MGTB05 Chapter 1 Notes

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Financial Accounting
Daga Sandra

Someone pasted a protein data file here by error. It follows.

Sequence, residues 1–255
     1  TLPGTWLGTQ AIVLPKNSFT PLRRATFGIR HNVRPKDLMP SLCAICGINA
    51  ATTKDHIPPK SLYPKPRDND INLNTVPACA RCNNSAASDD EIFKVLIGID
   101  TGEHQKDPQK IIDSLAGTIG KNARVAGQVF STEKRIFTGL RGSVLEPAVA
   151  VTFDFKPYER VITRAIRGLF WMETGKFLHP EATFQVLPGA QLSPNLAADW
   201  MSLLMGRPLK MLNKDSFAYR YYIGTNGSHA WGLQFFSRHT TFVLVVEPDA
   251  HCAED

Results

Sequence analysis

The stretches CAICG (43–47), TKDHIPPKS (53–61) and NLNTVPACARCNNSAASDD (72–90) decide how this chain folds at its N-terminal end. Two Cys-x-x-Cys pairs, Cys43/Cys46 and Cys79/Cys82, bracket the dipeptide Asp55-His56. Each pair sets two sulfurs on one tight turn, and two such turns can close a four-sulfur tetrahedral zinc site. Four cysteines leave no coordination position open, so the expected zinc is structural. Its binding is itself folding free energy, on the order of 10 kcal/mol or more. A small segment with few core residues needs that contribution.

MGTB05 Financial Accounting I Chapter 1—Financial Statements and Business Decisions Understanding the Business The Players  an individual is the owner-manager if he/she is the founder or owner of a company and also functions as the manager of the business  creditors lend money for a specific length of time and gain by charging interest in the money they lend  investors are individuals who buy small percentages of large corporations in hope to receive a portion of what the company earns in the form of dividends and hope to sell their shares of the company at a higher price than they paid to acquire it  financing activities: exchanges of money with creditors and owners  investing activities: buying or selling of property The Business Operations  suppliers are the people from whom one purchases supplies to create the good/service whereas customers are the individuals who buy the supplied service/good The Accounting System  accounting is a system that collects and processes (analyzes, measures and records) financial information about an organization and reports that information to decision makers  internal decision makers (managers, etc.) and external decision makers (investors, creditors) use accounting reports but internal decision makers generally require more detailed and frequent updates than external decision makers  managerial or management accounting is the process of developing accounting information for internal decision makers where as financial accounting is the process of providing accounting information for external decision makers The Four Basic Financial Statements: An Overview  four basic financial statements are: statement of financial position, statement of comprehensive income, statement of changes in equity, and statement of cash flows  statements inform investors, creditors and other external decision makers by summarizing the financial activities of the business and are prepared periodically (e.g. quarterly, semi-annually, annually) Statement of Financial Position  purpose: report the financial position (assets, liabilities and shareholders’ equity) of an accounting entity at a particular point in time)  the heading of the statement identifies the name of the entity, the title of the statement, the specific date of the statement (not period but the data it is prepared, a specific point in time) and the unit of measure (the legally required currency)  the accounting entity (business or corporation) is the organization for which the financial data is collected and it is viewed as owning the resources it uses and owing its debt, rather than the business owners  assets are the economic resources legally controlled by the entity, liabilities are the sources of financing and shareholders’ equity are claims again the company’s economic resources Assets = Liabilities + Shareholders’/Owners’ Equity  financial position is the economic resources that the company owns and the sources of financing for those resources  assets are economic resources controlled by the entity as a result of past business events from which future economic benefits can be obtained  every asset on the statement of financial position is initially measured at the cost incurred to acquire it but after acquisition assets are reported on the statement of financial position at values that reflect the benefits the company expects to realize from the assets through use or sale  liabilities are the entity’s legal obligations that result from past business events and arise primarily from the purchase of goods and services on credit and through cash borrowings to finance the business  shareholders’ equity indicates the amount of financing provided by the owners of shares in the business as well as earning over time  it arises from three sources: share capital or the investment of cash and other assets in the business by owners in exchange for shares, retained earnings which are the earnings reinvested in the business and thus not distributed to the shareholders in the form of dividends and other components which reflect the changes the value of assets and liabilities over time  assets provide a basis for judging whether the company has sufficient resources available to operate the business and are important because they could be sold in case of bankruptcy  liabilities are important to see whether a company has enough sources of cash to pay its debt obligations and indicate the control that debts and creditors hold over a company’s assets in case of bankruptcy  net worth is important to creditors because legally creditors claims for repayment of obligation must be settled before those of owners, shareholders provide resources for the company to use in the future without a promise of future repayment  assets are listed in increasing or decreasing order of their convertability to cash (their liquidity), generally the most liquid assets are listed first and the least liquid or hardest to convert to cash assets are listed last  liabilities are listed in order of increasing or decreasing order of maturity (due date) with the most recent maturity date being listed first and the ones that have the longest maturity being listed last  other conventions: monetary sign is places beside the first amount in a group of items, a single underline is placed below the last line in a group or total and a double underline is placed below totals The Statement of Comprehensive Income  purpose: reports the change in shareholders’ equity, during a period, from business activities, excluding exchanges with shareholders (includes all changes in equity during a period except those resulting from investments by owners)  first part is the revenue generated less expenses incurred in the accounting period which is the measure of net profit or net loss—income statement  the second part reports comprehensive income, which accounts for income and expense items that are not recognized in the income statement in accordance with International Financial Reporting Standards (IFRS)  the income statement reports information for a specified period of time, for an accounting period (the time period covered by the financial statements) Revenue – Expenses = Profit/Loss  revenues are generally reported on the income statement when the goods and services are sold to customers whether or not they have been paid for  expenses represent the monetary value of resources the entity used up, or consumed, to earn revenues during the period; for accounting purposes the expense reported in one accounting period may actually be paid for in cash in another accounting period so a company recognizes all expenses (cash and credit) incurred during a specific accounting period regardless of the timing of the cash payment  profit (net earnings, net income) is the excess of total revenues over total expenses incurred to generate revenue during a specific period—it indicates the firm’s ability to sell goods and services for more than they cost to produce and deliver  to a lender profit indicates that a company has the resources to repay loans whereas to investors it helps them decide whether or not to buy a company’s share in hope that the profit will lead to a higher share price  if total expenses exceed total revenues a loss is reported, a loss is noted by using parentheses around the reported figure  when revenues and expenses are equal for the period, the business has operated at breakeven  revenues are not necessarily the same as collections from customers and expenses are not necessarily the same as payments to suppliers, and thus profit does not equal the net cash generated by operations The Statement of Changes in Equity  purpose: reports all changes in shareholders’ equity during the accounting period; and reports the way profit, distribution of profit (dividends) and other changes to shareholders’ equity affected the company’s financial position during the accounting period  the statement of changes in equity covers a specific period of time (the accounting period) similar to the statement of comprehensive income  retained earnings reflect the profits that have been earned since the creation of the company but not distributed to shareholders as dividends  profit earned increases retained earnings whereas the declaration of dividends decreases retained earnings Beginning Retained Earnings + Profit – Dividends = Ending Retained Earnings  creditors monitor a firm’s retained earnings because the firm’s policy on dividend payments to its shareholders affects it ability to repay its debt, and shareholders closer monitor a firm’s retained earnings because the firm’s policy on repayment of debs to creditors affects its ability to pay its shareholders in the form of dividends and for reinvestment purposes which is important for potential investors who want to know if the company is reinvesting a sufficient portion of profit to support future growth The Statement of Cash Flows  purpose: reports cash inflows and outflows that are related to operating, investing and financing activities during the accounting period, describes causes of change in cash reported on the statement of financial position from the end of the last period to the end of the current period  the statement of cash flows like the statement of comprehensive income and statement of changes in equity covers a specific period of time (an accounting period)  revenues do not always equal cash collected from customers because some sales may be on credit  expenses reported on the income st